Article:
16. We may also refer to the decision of this Court in Parmeshwari Devi v. State, (1977) 2 SCR 160 that an order made in a criminal proceeding against a person who is not a party to the enquiry or trial and which adversely affected him is not an interlocutory order within the meaning of S. 397 (2). Referring to a passage from the decision of this Court in Mohan Lal”s case (supra) the passage which is to be found in Halsbury”s Laws of England, Volume 22, it has been said by Shinghal J., delivering the judgment of the Court, at page 164:
“It may thus be conclusive with reference to the stage at which it is made, and it may also be conclusive as to a person, who is not a party to the enquiry or trial, against whom it is directed.” As already mentioned, the view expressed in Mohan Lal”s case may be open to debate or difference. One such example is to be found in the decision of this Court in Prakash Chand Agarwal v. M/s. Hindustan Steel Ltd., (1971) 2 SCR 405 wherein it was held that an order of the High Court setting aside an ex parte decree in the suit and restoring the suit to the file of the trial Court is not a final order within the meaning of Art. 133. It is to be noticed that if the High Court would have refused to set aside the ex paret decree, the proceeding for setting it aside would have finally ended and on some of the principles culled out by the majority in Mohan Lal”s case, such an order would have been a final order. We are, however, not under any necessity to enter into this controversial arena. In our opinion whether the type of the order aforesaid would be a final order or not, surely it will not be an interlocutory order within the meaning of sub-s. (2) of S. 397 of the 1973 Code.
17. Before we conclude we may point out an obvious, almost insurmountable, difficulty in the way of applying literally the test laid down, in Kuppuswami Rao”s case (supra) and in holding that an order of the kind under consideration being not a final order must necessarily be an interlocutory one. If a complaint is dismissed under S. 203 or under S. 204 (4), or the Court holds the proceeding to be void or discharges the accused, a revision to the High Court at the instance of the complainant or the prosecutor would be competent, otherwise it will make S. 398 of the new Code otiose. Does it stand to reason, then, that an accused will have no remedy to move the High Court in revision or invoke its inherent power for the quashing of the criminal proceeding initiated upon a complaint or otherwise and which is fit to be quashed on the face of it? The legislature left the power to order further inquiry intact in S. 398. Is it not then in consonance with the sense of justice to leave intact the remedy of the accused to move the High Court for setting aside the order adversely made against him in similar circumstances and to quash the proceeding? The answer must be given in favour of the just and reasonable view expressed by us above.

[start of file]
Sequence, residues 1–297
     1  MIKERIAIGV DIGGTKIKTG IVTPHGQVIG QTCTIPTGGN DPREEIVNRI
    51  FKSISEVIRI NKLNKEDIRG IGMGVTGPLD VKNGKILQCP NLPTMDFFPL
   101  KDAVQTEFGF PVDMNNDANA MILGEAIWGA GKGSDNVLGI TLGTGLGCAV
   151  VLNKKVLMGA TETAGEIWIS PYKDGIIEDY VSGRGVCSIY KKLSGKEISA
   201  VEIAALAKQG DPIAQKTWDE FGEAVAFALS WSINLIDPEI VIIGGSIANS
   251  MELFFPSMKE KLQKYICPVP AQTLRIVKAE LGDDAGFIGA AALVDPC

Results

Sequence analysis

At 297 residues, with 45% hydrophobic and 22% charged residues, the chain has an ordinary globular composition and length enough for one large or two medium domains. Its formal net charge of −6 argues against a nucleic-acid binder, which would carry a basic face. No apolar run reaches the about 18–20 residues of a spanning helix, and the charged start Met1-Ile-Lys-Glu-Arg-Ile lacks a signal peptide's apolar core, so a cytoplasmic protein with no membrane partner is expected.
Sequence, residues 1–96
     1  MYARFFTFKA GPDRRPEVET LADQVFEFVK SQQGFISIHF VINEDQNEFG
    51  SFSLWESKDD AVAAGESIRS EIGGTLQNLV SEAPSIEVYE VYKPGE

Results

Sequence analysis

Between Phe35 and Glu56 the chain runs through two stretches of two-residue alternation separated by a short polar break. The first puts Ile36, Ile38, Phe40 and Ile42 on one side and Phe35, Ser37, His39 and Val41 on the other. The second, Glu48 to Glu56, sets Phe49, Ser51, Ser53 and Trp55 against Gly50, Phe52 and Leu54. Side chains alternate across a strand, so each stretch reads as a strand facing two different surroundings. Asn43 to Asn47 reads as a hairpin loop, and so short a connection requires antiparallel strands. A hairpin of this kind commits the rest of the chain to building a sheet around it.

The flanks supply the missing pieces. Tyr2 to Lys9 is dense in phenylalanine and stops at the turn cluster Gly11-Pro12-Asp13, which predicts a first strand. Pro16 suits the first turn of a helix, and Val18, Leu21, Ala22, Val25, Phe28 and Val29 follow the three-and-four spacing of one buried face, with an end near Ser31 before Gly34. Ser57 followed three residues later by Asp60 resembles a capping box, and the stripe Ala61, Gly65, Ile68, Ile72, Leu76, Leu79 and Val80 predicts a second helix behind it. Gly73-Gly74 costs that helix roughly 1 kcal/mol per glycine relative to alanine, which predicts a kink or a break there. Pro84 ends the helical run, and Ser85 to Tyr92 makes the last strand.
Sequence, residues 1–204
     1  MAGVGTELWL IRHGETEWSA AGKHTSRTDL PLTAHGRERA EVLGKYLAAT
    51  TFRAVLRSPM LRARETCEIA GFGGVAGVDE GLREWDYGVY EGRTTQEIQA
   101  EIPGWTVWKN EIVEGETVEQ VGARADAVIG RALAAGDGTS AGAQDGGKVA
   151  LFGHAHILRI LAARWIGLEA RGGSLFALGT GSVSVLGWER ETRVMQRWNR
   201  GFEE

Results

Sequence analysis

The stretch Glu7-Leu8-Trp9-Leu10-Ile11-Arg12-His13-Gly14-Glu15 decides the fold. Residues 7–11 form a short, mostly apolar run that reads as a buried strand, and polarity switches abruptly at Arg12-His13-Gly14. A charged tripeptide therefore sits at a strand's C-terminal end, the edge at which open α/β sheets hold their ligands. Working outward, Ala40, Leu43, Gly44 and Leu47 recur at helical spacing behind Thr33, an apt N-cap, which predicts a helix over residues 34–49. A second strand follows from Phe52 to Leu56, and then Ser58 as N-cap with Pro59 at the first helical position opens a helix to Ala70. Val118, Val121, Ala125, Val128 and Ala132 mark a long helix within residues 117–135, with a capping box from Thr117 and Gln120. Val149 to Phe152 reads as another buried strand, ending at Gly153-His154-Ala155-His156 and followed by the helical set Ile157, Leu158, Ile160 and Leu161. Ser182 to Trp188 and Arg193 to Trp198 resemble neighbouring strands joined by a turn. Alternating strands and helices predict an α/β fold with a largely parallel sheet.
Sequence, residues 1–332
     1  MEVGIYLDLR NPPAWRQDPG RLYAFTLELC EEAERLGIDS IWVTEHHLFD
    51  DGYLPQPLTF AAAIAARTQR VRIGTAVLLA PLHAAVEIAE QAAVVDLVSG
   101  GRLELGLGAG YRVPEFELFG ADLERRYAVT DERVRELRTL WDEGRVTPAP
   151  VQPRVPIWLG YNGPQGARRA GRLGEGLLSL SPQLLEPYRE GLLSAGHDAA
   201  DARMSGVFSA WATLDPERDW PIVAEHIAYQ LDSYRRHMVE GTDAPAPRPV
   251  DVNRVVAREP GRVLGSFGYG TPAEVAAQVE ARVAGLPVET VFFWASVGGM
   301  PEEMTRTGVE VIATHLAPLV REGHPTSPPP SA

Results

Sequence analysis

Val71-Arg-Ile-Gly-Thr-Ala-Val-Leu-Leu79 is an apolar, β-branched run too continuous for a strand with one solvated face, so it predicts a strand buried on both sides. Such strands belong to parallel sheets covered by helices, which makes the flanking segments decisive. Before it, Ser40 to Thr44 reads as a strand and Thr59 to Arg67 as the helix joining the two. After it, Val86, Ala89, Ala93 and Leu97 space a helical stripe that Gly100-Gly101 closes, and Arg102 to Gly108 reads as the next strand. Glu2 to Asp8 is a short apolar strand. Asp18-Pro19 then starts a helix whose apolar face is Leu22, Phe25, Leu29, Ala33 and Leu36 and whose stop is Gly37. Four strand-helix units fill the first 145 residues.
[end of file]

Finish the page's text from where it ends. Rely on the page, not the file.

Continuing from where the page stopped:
18. For the reasons, stated above, we allow this appeal, set aside the judgment and order of the High Court and remit the case back to it to dispose of the appellant”s petition on merits, in the manner it may think fit and proper to do in accordance with the law and in the light of this judgment.